Tanking Up in Greece

Athens Is Spending Far Too Much on Its Armed Forces

Hellenic army tanks participate in a military parade marking Greece's Independence Day in front of the parliament building in Athens, March 25, 2015. Alkis Konstantinidis / Reuters

Earlier this summer, NATO conducted its largest military exercise to date. Saber Strike, a drill for defending Poland and the Baltic states, involved 20 member states and featured more than 10,000 troops and a large number of tanks, fighter jets, and armored personnel carriers, among others. The U.S. Army had, unsurprisingly, brought tanks, as had Poland and other countries. But, oddly, Greece didn’t offer a single one even though as Europe’s largest tank-owning nation it possesses more than 1,300 armored vehicles—six times more than the United Kingdom.

Greece justifies its large collection because of its long-standing territorial dispute with Turkey, which owns 2,492 tanks. The two have clashed over Ankara’s occupation of northern Cyprus, which Turkey invaded in 1974. “Greece’s main concern is Turkey,” explained Thanos Dokos, director general of the Athens-based think tank ELIAMEP. “The more conservative school of thought among Greek officers and officials is that a large-scale conflict of unknown duration across the Greek-Turkish border can’t be excluded, and thus Greece needs to maintain this high number of MBTs.” In the armed forces, tanks are referred to as MBTs, or “main battle tanks.”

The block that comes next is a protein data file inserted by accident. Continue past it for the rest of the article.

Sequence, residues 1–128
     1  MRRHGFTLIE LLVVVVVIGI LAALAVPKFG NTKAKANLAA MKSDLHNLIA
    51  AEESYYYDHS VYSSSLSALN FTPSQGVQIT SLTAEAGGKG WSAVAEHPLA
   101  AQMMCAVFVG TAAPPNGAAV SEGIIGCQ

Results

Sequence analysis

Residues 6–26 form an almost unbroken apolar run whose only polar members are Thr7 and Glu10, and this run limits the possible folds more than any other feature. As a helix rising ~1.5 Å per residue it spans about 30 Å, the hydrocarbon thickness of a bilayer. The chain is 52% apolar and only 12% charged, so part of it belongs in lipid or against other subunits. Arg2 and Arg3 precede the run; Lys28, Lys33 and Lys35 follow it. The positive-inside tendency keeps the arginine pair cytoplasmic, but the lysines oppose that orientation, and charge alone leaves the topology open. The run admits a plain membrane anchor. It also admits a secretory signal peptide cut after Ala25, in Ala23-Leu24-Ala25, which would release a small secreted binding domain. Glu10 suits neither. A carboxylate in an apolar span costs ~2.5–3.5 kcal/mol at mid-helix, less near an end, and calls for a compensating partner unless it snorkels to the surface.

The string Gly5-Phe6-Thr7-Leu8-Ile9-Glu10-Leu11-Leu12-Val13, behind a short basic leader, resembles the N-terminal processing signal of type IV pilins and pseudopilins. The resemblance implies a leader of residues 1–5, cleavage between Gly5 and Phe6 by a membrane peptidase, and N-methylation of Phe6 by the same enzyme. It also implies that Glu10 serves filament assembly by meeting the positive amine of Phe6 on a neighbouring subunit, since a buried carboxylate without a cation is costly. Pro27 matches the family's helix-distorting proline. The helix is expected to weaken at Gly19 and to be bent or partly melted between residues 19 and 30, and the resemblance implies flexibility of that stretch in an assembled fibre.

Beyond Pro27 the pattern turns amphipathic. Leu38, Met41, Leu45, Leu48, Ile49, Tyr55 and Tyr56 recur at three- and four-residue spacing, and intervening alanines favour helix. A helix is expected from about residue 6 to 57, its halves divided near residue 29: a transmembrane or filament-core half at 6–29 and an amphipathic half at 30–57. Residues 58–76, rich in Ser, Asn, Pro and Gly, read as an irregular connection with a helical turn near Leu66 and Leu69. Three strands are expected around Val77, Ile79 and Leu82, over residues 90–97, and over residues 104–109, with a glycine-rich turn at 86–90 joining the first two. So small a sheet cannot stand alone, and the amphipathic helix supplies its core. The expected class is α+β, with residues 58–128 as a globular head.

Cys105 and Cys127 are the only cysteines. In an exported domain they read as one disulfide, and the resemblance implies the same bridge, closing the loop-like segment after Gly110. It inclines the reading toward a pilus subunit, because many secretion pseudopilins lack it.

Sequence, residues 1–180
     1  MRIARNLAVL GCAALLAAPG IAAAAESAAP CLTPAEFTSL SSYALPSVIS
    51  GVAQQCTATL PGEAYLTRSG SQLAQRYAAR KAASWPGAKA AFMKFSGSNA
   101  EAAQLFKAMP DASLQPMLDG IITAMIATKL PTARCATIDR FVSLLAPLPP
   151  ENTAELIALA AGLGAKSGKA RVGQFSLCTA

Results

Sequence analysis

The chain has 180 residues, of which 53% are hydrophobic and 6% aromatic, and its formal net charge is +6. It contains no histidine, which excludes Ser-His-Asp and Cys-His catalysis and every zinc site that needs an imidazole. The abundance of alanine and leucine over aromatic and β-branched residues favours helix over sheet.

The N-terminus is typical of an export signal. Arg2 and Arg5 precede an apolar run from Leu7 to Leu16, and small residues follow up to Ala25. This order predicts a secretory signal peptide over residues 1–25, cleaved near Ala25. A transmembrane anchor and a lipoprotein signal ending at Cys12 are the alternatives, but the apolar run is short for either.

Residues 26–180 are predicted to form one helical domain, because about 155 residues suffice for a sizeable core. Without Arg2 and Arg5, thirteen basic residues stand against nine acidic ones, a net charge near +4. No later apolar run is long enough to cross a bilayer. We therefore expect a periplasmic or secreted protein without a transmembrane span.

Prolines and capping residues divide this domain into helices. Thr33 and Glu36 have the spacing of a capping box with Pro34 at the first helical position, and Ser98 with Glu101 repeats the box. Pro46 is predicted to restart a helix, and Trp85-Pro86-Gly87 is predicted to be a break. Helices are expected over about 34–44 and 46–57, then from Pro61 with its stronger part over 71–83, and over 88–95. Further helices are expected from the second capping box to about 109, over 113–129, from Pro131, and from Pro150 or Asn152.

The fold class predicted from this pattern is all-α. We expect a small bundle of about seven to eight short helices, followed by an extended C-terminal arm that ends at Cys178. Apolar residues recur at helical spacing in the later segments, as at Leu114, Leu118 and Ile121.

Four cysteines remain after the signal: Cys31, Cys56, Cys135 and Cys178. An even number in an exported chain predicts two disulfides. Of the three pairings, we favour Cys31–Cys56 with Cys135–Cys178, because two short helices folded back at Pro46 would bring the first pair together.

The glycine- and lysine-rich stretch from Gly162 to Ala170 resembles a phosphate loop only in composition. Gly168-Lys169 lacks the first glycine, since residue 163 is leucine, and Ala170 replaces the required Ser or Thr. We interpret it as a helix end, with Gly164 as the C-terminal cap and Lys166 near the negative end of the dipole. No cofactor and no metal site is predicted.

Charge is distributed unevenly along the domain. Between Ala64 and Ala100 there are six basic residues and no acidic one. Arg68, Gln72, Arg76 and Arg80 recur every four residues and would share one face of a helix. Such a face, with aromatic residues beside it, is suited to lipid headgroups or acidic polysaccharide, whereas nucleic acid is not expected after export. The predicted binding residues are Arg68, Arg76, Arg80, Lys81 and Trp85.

Perhaps not unreasonable given its history with Turkey, for the past generation Greece has been spending enormous amounts on its armed forces. In 1988, it spent 4.2 percent of GDP on defense, more than any other western European country except Cyprus. By 2000, when most western European countries had cut their defense spending to less than two percent of GDP, Greece was still spending 3.6 percent. And last year the country allocated 2.4 percent of its GDP to defense. That makes it one of NATO’s star performers. But Greece’s well-equipped military is excessive for a country in economic crisis. Despite having to drastically cut retirees’ pensions, Athens has not reduced its fleet. The Hellenic Armed Forces own 1,341 main battle tanks, including 170 Leopard 2A6s, the second-latest version of the German-made vehicle. Germany, by contrast, has only 225 of them.

Not even France and the United Kingdom, Europe’

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